Three years ago researchers at Scripps Institution of Oceanography warned Lake Mead has a 50-50 chance of running dry by 2021 and that the reservoir's water level could dip low enough to reduce or stop electricity production as early as 2013. Although this year's run-off probably forestalled this dramatic assertion, utilities around the country have already been forced to reduce or stop electrical production because of water issues. According to a survey done in California's 2009 Water Plan Update, states from Virginia to Nevada and Texas to North Dakota have all curtailed energy development projects because of water quality or quantity concerns.
One reason for this problem is that electricity, as we've chosen to produce it, is pretty wet stuff. Plug an appliance into an outlet and you might as well open a faucet as well. Running an average refrigerator all day uses about as much water as a ten-minute shower (without a low-flow showerhead). According to the U.S. Geological Survey, electric power generation accounts for nearly half of the nation's water usage; it takes on average 21 gallons of water to produce one kilowatt hour of electricity. In the arid West, those numbers add up. A report by Western Resource Advocates notes that "thermoelectric power plants in Arizona, Colorado, New Mexico, Nevada, and Utah consumed an estimated 292 million gallons of water a day in 2005 - approximately equal to the water consumed by Denver, Phoenix, and Albuquerque, combined."
Pretty much every step of energy production requires water, from mining to refining, processing to generation. Some of this water is "consumed" - evaporated as steam. Some of it is returned to watersheds in altered forms - like water heated during coal-fired electrical production and stored in cooling towers or ponds before being released - at higher temperatures - back into rivers. "Produced" water from coal-bed methane extraction releases underground water with high mineral content into watersheds. Deep drilling for seams of underground gas deposits rely on chemicals used in "fracking fluids," which contaminate water sources when they leak.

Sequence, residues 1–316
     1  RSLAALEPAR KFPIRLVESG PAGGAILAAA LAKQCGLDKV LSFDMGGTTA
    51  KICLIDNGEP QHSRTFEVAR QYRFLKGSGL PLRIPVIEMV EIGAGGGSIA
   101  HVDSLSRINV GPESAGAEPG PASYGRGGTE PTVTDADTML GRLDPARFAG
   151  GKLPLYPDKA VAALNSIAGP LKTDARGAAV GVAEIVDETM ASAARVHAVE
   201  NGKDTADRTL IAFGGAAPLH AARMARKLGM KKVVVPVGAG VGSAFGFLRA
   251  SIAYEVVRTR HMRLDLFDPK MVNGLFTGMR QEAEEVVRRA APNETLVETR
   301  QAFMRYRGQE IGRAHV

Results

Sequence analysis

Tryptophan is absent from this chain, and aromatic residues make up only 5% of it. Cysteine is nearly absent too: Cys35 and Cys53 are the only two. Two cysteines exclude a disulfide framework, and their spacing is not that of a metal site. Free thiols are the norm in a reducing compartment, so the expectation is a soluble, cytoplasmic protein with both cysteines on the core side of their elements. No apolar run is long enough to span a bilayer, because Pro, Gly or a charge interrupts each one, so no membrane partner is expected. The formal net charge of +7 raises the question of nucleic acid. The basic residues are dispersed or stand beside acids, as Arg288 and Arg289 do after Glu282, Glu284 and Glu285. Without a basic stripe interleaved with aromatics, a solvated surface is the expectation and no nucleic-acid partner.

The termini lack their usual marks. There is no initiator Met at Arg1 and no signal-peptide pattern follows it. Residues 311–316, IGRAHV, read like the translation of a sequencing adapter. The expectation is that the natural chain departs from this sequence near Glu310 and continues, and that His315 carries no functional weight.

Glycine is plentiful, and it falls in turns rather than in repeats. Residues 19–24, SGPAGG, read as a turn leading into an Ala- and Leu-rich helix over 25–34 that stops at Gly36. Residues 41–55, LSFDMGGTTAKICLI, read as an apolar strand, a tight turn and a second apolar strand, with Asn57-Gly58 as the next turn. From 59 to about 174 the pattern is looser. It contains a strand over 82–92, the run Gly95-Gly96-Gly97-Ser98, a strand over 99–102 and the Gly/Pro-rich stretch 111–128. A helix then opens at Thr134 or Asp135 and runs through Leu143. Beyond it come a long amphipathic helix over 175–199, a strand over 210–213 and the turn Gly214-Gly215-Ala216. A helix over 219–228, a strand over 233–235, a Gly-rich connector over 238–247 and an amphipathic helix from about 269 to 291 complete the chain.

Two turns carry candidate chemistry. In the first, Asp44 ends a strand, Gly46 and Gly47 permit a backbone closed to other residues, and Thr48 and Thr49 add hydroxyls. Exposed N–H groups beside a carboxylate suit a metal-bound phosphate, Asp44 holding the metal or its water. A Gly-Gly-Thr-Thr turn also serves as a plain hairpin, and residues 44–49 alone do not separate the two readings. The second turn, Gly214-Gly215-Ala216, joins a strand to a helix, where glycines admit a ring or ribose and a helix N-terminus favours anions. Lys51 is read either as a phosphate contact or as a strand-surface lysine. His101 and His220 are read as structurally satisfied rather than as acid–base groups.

Other potential fossil fuel energy sources, like oil shale, require so much water during its production cycle that energy companies in Colorado have stealthily acquired rights to develop hundreds of thousands of acre feet of water, even before they've invented a viable technology to turn that rock into oil. An acre foot of water is 325,851 gallons, or enough to cover an acre of flat farmland with water a foot deep.
That's enough water to escalate the state's already intense water disputes into open warfare. "If oil shale energy does become commercially viable, it will be a huge new water drain," says Dan Luecke, a Colorado-based hydrologist and Western water consultant.
Many current energy debates have focused on the massive carbon footprint of fossil fuels like oil, coal and natural gas. But many renewable sources of energy, like corn-based ethanol, have a huge and potentially troubling "water footprint." Corn ethanol made from irrigated crops, for example, can use more than 1,000 times more water than oil refining, according to calculations by Sandia National Laboratory. Industrial concentrated solar arrays can require 800 gallons of water to produce a single megawatt hour. Mike Hightower, a senior researcher at Sandia National Laboratories in New Mexico, cautions that reducing carbon emissions, while crucial, is just one part of the energy equation: Virtually every time you lower the carbon footprint in industrial energy production, he says, "you end up with a bigger water footprint."
As planners look to the future, they have to grapple with some tough trends: the more energy we need, the more water we need. But the availability of fresh water has already reached crisis proportions in many parts of the world, and some experts warn we should be more worried about "peak freshwater" than "peak oil." According to Peter Gleick and Meena Palaniappan, writing in the Proceedings of the National Academy of Sciences, water availability is a growing global problem, especially in regions like the Western U.S. where "almost all major rivers and aquifers and already tapped out." Unlike oil, they write in dry, understated concern, water is absolutely essential for life. "For many uses," they conclude, "it has no substitutes."